States and municipalities that participate in fiscal adjustment or supervision programs conducted by the National Treasury will no longer be subject to lending limits for local governments. The measure was approved today (15) by the National Monetary Council (CMN), which also excluded subnational state-owned companies (state and municipal) with good corporate governance from the limit.
Every year, the CMN sets the limit that the public sector can borrow from the financial system. For 2022, local governments and their state companies can contract up to R$ 18 billion in credit; and the Union, R$ 625 million.
The R$ 18 billion in credit to local governments are distributed as follows: R$ 6.5 billion in operations with a Union guarantee (when the National Treasury covers eventual defaults) and R$ 11.5 billion in operations without a Union guarantee . Local state-owned companies with their own revenues and good governance – such as listing in shares on the stock exchange – were entitled to R$ 1 billion without Union guarantees, but this ceiling was abolished.
The CMN also created its own sub-limits for credit operations by state-owned companies related to the Angra 3 power plant project, but the values were not disclosed.
real estate receivables
The CMN also extended the deadline for financial institutions to register real estate receivables (resources that builders and developers have to receive) given as guarantee in financing for the construction of properties. The obligation, which would be valid from January 1st, was postponed to 120 days after the Central Bank (BC) granted the first authorization to start this type of registration.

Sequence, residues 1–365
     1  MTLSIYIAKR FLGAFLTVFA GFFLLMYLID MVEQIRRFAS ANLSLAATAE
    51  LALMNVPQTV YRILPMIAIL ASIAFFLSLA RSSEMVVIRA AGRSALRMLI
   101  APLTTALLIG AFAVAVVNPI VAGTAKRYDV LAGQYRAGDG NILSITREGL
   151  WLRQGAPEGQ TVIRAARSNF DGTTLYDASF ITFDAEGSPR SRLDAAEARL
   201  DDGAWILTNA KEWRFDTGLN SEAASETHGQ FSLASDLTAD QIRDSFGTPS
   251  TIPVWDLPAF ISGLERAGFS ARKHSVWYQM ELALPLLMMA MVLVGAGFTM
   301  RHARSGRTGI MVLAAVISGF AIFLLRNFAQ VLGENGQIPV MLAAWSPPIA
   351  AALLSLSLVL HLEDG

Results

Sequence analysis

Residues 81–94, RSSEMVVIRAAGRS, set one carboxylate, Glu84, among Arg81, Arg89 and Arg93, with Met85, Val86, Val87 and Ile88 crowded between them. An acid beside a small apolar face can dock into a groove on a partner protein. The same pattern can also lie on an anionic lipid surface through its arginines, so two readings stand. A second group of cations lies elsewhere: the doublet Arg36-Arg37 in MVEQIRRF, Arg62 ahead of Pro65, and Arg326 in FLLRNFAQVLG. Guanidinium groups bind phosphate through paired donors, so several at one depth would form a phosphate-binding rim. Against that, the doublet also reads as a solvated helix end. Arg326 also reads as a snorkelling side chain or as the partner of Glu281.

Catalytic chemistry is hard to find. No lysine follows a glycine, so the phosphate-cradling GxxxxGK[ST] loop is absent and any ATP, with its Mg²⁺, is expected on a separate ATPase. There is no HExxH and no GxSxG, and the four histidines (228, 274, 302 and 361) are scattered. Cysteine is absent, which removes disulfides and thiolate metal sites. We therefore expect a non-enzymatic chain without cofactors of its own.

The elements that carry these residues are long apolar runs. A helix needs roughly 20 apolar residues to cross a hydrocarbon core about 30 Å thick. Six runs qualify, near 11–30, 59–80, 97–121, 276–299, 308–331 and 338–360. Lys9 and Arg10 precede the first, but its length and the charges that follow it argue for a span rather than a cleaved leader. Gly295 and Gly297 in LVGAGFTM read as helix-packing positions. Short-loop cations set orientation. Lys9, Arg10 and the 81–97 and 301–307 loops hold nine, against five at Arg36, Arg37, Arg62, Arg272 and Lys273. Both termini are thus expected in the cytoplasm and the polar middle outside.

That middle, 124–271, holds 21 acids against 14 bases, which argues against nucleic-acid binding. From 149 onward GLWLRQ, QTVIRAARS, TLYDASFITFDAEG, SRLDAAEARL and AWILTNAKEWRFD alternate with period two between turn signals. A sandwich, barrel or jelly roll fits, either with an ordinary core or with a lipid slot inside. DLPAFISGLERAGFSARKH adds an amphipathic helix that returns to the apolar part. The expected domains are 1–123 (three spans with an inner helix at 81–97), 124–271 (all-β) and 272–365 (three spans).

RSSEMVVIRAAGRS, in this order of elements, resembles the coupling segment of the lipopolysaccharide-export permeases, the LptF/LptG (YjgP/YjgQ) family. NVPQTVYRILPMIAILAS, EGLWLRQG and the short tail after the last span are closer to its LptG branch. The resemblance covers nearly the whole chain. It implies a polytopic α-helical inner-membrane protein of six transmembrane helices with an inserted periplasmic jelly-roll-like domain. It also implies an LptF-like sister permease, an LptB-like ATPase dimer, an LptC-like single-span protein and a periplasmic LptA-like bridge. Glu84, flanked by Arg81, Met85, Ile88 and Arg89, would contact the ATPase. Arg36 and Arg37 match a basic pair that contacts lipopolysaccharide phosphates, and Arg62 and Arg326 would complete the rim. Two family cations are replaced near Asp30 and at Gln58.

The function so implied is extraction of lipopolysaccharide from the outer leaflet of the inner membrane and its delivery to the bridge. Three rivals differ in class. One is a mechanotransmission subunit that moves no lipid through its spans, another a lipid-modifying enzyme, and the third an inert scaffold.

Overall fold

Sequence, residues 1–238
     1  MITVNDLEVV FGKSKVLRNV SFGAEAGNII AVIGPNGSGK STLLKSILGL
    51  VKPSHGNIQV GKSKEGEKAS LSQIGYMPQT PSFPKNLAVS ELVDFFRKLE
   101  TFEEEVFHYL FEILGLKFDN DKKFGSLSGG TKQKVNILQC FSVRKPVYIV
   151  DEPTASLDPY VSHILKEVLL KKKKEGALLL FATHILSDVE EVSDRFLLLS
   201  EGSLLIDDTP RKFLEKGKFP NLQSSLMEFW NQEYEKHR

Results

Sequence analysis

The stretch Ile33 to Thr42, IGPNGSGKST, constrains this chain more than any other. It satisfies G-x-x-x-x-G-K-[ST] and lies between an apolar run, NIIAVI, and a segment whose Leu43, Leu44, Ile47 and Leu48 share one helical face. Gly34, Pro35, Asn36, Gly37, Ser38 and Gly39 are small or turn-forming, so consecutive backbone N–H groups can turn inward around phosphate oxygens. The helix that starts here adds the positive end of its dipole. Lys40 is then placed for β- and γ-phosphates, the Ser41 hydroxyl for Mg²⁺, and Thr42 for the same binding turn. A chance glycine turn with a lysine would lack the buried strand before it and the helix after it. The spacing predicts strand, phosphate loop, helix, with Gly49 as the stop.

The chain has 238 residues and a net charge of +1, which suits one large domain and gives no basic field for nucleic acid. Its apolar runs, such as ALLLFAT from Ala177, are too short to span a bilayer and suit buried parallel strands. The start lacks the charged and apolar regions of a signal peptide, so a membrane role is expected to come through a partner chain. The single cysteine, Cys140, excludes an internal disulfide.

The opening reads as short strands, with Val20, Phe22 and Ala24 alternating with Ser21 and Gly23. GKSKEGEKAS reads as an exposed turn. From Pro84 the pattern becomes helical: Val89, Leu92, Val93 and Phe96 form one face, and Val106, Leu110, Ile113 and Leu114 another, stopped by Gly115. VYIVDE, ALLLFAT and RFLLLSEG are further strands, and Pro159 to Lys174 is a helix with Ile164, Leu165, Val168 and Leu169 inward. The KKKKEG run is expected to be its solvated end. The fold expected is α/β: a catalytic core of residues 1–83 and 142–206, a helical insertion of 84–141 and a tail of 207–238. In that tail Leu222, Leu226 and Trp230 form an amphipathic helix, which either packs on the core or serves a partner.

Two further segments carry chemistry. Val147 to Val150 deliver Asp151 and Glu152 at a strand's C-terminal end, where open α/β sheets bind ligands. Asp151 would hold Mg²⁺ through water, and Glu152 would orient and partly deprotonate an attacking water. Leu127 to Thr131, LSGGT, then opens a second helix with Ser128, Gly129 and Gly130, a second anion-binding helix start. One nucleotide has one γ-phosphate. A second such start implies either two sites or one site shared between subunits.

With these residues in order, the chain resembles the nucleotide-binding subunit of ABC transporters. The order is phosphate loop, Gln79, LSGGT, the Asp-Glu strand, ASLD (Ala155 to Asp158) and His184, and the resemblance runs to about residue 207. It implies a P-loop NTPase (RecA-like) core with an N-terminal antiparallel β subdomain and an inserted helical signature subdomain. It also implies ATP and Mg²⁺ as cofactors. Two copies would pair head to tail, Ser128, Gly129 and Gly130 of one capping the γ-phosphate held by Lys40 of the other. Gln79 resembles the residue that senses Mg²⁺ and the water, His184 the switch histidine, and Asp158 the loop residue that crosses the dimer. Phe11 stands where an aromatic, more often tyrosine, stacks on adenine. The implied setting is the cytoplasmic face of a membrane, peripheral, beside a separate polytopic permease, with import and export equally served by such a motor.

In a note, the BC explained that the regulation that governs this activity – of registering real estate receivables – is overdue. “Since there was no conclusion of the aforementioned regulation, due to, among other aspects, the complexity of the matter, it was necessary, given the lack of an institution authorized to receive the real estate registrations, the postponement of the beginning of the obligation previously established”, he informed the organ.
In May 2021, the CMN had edited a resolution that established the beginning of mandatory registrations from January of next year. According to the BC, the requirement is intended to improve the risk management mechanisms of financial institutions and increase transparency so that builders and developers have access to more advantageous credit conditions.
This was the last meeting of the CMN chaired by the Minister of Economy, Paulo Guedes. In a note, the folder released a thank you on his behalf. “The minister is grateful for the commitment of all those who, over the past four years, have participated in the meetings and contributed, directly or indirectly, to the council’s resolutions,” the statement said.
The CMN is a body composed of the Minister of Economy, the president of the Central Bank and the special secretary of the Treasury and Budget of the Ministry of Economy. Starting next year, the body should return to its traditional composition, with the ministers of Finance, Planning and the president of the Central Bank.